Australia has myriad rock art places that have special significance to their many Indigenous owners and a heritage resource of outstanding universal value to all humankind. The appropriate management of those places involves particular heritage considerations because of the multiple layers of significance at stake. The Environmental Protection and Biodiversity Act of 1999, a federal instrument, defines the criteria for the recognition of national heritage values and forms the basis for identifying the most significant natural and cultural heritage places in Australia. This chapter provides a research-based management logic for including significant rock art places on Australia’s National Heritage List. This thematic approach, founded on current Australian rock art research, recognizes the thematic structure adopted by UNESCO in its assessment of World Heritage Outstanding Universal Values, since there are logical synergies for synchronizing Australia’s National Heritage List with World Heritage Listing.
The aim of this chapter is to review basic components and procedures regarding rock art conservation and management for archaeologists and anybody else who may be interested in such endeavours. Rock art considered relevant to this chapter includes iconographic pictures, ‘abstract’ designs, and any other artificial discernable markings placed on rock surfaces (including sideward-facing vertical cliffs, cave walls, downward-facing ceilings, side- and upward-facing boulders [either natural or placed there by people], and upward-facing horizontal bedrock pavements). This chapter emphasizes that proper knowledge of and experience in working with rock art in any particular area is essential when recording, conserving, managing, and interpreting it. Proper identification, knowledge, and recording of rock art include various scales of observation, ranging from the macro-landscape scale to the micro-scale of rock surface stratigraphy. Coming up with practical solutions requires a working knowledge of both the physical sciences and the humanities.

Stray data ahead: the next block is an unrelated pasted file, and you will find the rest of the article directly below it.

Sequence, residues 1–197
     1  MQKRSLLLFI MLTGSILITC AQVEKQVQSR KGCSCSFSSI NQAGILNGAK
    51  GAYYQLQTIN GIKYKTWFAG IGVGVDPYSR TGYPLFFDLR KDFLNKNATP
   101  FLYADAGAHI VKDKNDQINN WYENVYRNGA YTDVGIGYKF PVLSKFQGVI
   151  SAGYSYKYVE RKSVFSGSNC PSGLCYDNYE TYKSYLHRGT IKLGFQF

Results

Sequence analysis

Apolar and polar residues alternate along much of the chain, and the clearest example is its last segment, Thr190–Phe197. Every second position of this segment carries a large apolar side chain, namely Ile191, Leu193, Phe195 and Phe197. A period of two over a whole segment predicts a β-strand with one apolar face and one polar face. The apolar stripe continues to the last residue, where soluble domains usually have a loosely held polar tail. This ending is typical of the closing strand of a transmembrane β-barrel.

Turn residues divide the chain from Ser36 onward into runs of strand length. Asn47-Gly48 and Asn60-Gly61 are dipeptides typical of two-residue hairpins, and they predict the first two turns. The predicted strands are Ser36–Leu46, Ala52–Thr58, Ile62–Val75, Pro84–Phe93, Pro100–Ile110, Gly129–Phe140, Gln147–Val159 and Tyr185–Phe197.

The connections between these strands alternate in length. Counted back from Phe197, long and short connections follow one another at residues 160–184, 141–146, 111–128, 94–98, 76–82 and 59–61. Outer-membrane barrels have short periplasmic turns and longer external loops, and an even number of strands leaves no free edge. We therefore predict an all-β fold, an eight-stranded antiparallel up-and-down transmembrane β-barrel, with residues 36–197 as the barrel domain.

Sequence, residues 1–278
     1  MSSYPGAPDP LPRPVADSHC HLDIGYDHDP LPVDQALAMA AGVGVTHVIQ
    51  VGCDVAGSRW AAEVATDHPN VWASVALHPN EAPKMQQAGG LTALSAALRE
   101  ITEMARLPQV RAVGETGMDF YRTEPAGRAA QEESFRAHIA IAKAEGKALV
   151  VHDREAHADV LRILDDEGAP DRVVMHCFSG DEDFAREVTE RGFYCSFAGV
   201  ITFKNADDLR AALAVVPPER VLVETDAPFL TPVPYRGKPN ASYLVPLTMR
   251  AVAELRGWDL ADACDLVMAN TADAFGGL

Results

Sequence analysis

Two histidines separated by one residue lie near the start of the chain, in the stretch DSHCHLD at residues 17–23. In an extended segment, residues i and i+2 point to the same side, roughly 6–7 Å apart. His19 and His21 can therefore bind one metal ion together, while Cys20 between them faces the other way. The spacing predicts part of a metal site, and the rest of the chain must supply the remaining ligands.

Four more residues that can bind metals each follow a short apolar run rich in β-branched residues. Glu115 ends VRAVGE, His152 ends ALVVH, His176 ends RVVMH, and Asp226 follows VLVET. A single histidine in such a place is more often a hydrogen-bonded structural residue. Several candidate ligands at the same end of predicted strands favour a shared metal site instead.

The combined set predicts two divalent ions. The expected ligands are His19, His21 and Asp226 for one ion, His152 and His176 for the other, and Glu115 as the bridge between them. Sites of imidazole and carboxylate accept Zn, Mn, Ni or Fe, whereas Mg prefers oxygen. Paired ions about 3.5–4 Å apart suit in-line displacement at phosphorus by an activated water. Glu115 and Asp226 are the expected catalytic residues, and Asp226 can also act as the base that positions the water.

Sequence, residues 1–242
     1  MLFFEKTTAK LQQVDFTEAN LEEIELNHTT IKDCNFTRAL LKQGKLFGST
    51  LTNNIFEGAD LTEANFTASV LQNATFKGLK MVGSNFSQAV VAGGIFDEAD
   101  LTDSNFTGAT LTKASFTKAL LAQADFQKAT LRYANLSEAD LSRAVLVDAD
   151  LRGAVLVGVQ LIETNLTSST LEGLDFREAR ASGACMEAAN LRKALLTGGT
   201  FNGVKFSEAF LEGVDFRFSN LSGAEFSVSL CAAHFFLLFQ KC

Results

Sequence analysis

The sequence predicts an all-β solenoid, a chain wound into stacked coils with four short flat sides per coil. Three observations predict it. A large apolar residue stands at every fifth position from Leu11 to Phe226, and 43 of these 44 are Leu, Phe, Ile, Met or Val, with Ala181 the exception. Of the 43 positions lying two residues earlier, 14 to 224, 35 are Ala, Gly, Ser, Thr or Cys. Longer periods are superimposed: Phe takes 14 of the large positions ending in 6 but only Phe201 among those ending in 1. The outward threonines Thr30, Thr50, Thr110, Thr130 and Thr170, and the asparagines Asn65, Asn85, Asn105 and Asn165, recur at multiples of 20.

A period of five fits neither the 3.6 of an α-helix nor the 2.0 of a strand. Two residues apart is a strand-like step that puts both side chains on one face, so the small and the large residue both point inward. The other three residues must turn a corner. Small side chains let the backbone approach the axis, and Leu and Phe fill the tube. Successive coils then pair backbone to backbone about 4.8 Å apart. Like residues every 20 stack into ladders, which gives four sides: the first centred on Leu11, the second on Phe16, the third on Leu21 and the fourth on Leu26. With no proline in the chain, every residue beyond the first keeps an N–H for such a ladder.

Questions of legal and cultural rights over rock art are particularly compelling given the very different significance the art holds for Indigenous people compared to that recognized by a more general public. In the past, conflicts have arisen between the interests of the Indigenous people and those of the nation state, or of non-Indigenous mining or tourism ventures. This chapter examines the legal rights that Indigenous people have to rock art sites on their land, as well as legal issues arising over the ownership and reproduction of rock art. It examines intellectual property law, including copyright, trade marks, and breach of confidence laws, as well as cultural heritage protection laws. Finally, it considers some of the broader cultural and ethical issues raised by non-Indigenous use of rock art imagery.
Bruno David and Ian J. McNiven
This Introduction to The Oxford Handbook of the Archaeology and Anthropology of Rock Art highlights a number of conceptual themes and issues that go to the heart of rock art research. Rock art research in the early twenty-first century is daunting in its complexity and scope due largely to major technological advances in digital recording and chronometric dating, the increasing employment of sophisticated methods and theories harnessed not just from archaeology and anthropology but also from a wide array of disciplines, and greater awareness of Indigenous voices, ethical responsibilities, and political sensitivities of working collaboratively with Indigenous communities. As archaeological and anthropological approaches to rock art mutually inform each other’s research agendas, new methodological and theoretical ways of approaching, conceptualising, and historicising rock art symbolism, biography, authorship, gender, sexuality, spiritualism, agency, and relationality continue to develop to shape future research agendas.